NEW YORK (GenomeWeb) – A new study suggests parts of the human genome that are conserved in other animals but relatively divergent in humans appear to contribute to normal human brain development, social behavior, and/or some cognitive processes.
As they reported online today in Cell, the researchers used new sequence data alongside existing population sequence and gene regulatory information to assess human accelerated regions and their potential contributions to autism spectrum disorder. Their results suggest that de novo copy number changes that are over-represented in some individuals with ASD tend to coincide with parts of the genome that regulate brain-related genes and have undergone rapid sequence changes in humans.
"This work brings together the study of evolution and the study of neurological disease," senior author Christopher Walsh, a genetics and genomics researcher affiliated with Boston Children's Hospital, the Broad Institute, and Harvard Medical School, said in a statement. "Studying the kinds of mutations in [human accelerated regions] that cause neurodevelopmental disorders like ASD may tell us about the sorts of changes that led to us having a different brain than other animals."
Sequences that have diverged dramatically in humans relative to other animals have long been of interest for those trying to tease apart traits that are specific to our species, he and his colleagues noted.
The researchers set out to assess potential functions of human accelerated regions by attempting to differentiate the functional changes that accompany mutations in these sequences. Because a significant proportion of sequences with pronounced differences in humans seem to fall in regulatory regions, the team started by scrutinizing Epigenomics Roadmap regulatory profiles alongside sequence human-specific variants in thousands of human accelerated regions identified in prior studies.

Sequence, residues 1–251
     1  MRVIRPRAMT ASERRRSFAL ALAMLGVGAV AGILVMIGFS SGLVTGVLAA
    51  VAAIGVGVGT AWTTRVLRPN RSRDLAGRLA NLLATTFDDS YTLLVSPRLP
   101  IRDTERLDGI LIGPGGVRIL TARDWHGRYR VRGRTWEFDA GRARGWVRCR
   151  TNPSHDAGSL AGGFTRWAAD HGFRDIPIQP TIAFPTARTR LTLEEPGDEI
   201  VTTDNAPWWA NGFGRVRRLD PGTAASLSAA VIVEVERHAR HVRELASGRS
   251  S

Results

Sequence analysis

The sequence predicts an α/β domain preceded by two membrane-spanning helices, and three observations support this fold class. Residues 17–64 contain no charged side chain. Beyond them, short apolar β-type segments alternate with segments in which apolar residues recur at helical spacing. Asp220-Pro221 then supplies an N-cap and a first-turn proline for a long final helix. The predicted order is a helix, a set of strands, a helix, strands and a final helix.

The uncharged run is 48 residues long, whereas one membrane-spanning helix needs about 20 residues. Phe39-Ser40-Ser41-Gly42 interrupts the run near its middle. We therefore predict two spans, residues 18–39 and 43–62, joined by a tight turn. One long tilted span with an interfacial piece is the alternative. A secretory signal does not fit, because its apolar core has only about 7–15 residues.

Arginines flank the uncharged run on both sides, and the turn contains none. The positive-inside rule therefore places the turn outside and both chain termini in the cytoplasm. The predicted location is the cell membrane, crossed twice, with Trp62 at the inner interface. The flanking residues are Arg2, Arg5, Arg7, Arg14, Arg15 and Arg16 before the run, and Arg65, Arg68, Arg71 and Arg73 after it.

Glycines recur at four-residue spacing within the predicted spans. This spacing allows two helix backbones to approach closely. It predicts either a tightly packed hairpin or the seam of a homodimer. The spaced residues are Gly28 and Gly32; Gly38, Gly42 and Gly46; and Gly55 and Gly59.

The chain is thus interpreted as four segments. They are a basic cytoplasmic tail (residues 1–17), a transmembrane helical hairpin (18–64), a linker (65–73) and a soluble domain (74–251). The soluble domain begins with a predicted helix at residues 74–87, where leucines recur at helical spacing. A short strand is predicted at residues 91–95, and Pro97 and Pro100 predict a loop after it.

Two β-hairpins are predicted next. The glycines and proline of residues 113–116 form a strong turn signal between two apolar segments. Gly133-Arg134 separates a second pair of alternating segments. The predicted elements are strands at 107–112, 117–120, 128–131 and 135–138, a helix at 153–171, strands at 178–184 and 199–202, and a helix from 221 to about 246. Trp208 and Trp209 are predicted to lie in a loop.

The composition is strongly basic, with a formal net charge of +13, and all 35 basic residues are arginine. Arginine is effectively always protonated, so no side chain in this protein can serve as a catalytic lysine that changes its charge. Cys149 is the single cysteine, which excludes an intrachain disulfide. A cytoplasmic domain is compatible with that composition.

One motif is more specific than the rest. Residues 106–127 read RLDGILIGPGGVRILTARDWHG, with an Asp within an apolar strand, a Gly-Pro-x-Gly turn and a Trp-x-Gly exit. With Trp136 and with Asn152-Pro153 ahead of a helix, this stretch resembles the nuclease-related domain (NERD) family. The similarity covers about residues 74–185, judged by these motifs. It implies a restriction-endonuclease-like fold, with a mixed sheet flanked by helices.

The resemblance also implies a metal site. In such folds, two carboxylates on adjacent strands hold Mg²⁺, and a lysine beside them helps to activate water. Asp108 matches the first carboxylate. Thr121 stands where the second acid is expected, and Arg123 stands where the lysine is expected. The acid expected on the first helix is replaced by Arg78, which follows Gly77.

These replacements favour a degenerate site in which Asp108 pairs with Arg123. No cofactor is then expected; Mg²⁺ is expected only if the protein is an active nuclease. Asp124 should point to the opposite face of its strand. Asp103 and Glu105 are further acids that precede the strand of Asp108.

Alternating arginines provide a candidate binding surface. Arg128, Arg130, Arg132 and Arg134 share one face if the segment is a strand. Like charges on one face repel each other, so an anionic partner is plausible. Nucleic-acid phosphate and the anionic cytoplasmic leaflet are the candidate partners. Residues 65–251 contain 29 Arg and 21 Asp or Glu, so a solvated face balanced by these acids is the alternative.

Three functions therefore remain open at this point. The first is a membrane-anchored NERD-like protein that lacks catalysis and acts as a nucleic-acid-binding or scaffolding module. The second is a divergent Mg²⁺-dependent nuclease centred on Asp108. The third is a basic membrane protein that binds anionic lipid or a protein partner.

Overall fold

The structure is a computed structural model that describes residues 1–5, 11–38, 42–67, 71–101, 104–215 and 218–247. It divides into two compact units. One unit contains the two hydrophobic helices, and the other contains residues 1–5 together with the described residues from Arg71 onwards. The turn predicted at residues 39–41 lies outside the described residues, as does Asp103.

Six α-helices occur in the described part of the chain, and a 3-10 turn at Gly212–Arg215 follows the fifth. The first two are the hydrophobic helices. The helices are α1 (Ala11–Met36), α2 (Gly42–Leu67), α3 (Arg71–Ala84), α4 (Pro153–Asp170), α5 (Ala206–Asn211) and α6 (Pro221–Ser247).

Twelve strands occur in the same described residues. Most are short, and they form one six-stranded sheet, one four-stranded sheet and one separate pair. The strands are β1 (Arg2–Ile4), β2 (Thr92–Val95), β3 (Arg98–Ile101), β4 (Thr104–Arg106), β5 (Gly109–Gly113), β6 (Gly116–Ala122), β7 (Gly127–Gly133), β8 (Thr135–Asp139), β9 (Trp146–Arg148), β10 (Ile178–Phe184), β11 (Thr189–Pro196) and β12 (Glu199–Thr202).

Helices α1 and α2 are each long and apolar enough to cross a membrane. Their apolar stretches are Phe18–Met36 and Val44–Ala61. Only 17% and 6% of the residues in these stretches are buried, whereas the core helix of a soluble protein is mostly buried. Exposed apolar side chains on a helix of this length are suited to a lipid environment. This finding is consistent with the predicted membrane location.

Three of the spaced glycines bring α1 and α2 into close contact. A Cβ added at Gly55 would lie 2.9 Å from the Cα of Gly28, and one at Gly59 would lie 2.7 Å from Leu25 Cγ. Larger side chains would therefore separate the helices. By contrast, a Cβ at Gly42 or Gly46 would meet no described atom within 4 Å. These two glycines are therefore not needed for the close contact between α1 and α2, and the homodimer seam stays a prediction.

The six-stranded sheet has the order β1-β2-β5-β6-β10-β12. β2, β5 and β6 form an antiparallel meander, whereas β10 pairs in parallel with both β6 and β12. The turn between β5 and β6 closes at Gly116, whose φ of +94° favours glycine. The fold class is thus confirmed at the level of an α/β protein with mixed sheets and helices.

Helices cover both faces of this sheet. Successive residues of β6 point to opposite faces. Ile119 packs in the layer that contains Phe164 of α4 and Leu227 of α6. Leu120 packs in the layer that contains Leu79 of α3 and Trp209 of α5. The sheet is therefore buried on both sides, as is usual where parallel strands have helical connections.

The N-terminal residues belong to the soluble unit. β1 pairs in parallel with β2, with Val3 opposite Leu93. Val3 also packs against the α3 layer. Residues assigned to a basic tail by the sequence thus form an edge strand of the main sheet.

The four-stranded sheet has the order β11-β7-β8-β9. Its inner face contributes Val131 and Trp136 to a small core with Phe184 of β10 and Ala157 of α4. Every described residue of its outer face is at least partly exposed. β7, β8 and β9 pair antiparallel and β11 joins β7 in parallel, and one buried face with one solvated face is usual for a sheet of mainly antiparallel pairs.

The analyses uncovered overlap between human accelerated regions and regulatory sites influencing the expression patterns in developing and adult human brains, including some transcription factor binding sites associated with genes such as SOX2 or MEF2A that are involved in human brain development.
When they focused in on disease-related genes targeted by promoters in human accelerated regions, the researchers saw more than two-dozen genes implicated in ASD and/or intellectual disability. Likewise, genes associated with mammalian brain features, schizophrenia, or nervous system function tended to fall near sequences that have diverged quickly in humans.
The team then examined copy number variant data from 2,100 families from the Simons Simplex Collection, comprised of children with ASD, their unaffected siblings, and parents. There, the researchers found that de novo copy number changes, particularly those found in children with ASD, were more common in human accelerated regions.
Similar patterns turned up when the researchers sequenced 218 ASD-affected, consanguineous families from the Middle East. From genome sequencing data for 30 affected and five unaffected individuals and targeted human accelerated region sequencing data on the remaining family members, they uncovered 43 percent more recessive variants in human accelerated regions in the individuals with ASD than in those without.
In a series of follow-up experiments, the team got a better look at some of the variants that were specific to individuals with ASD or intellectual disability, along with their functional consequences.
"We provide the first direct evidence that rare de novo CNVs involving [human accelerated regions] can contribute to simplex ASD and that rare biallelic mutations in neutrally active [human accelerated regions] can confer risk to ASD in as many as [5 percent] of individuals from a consanguineous population," the authors wrote.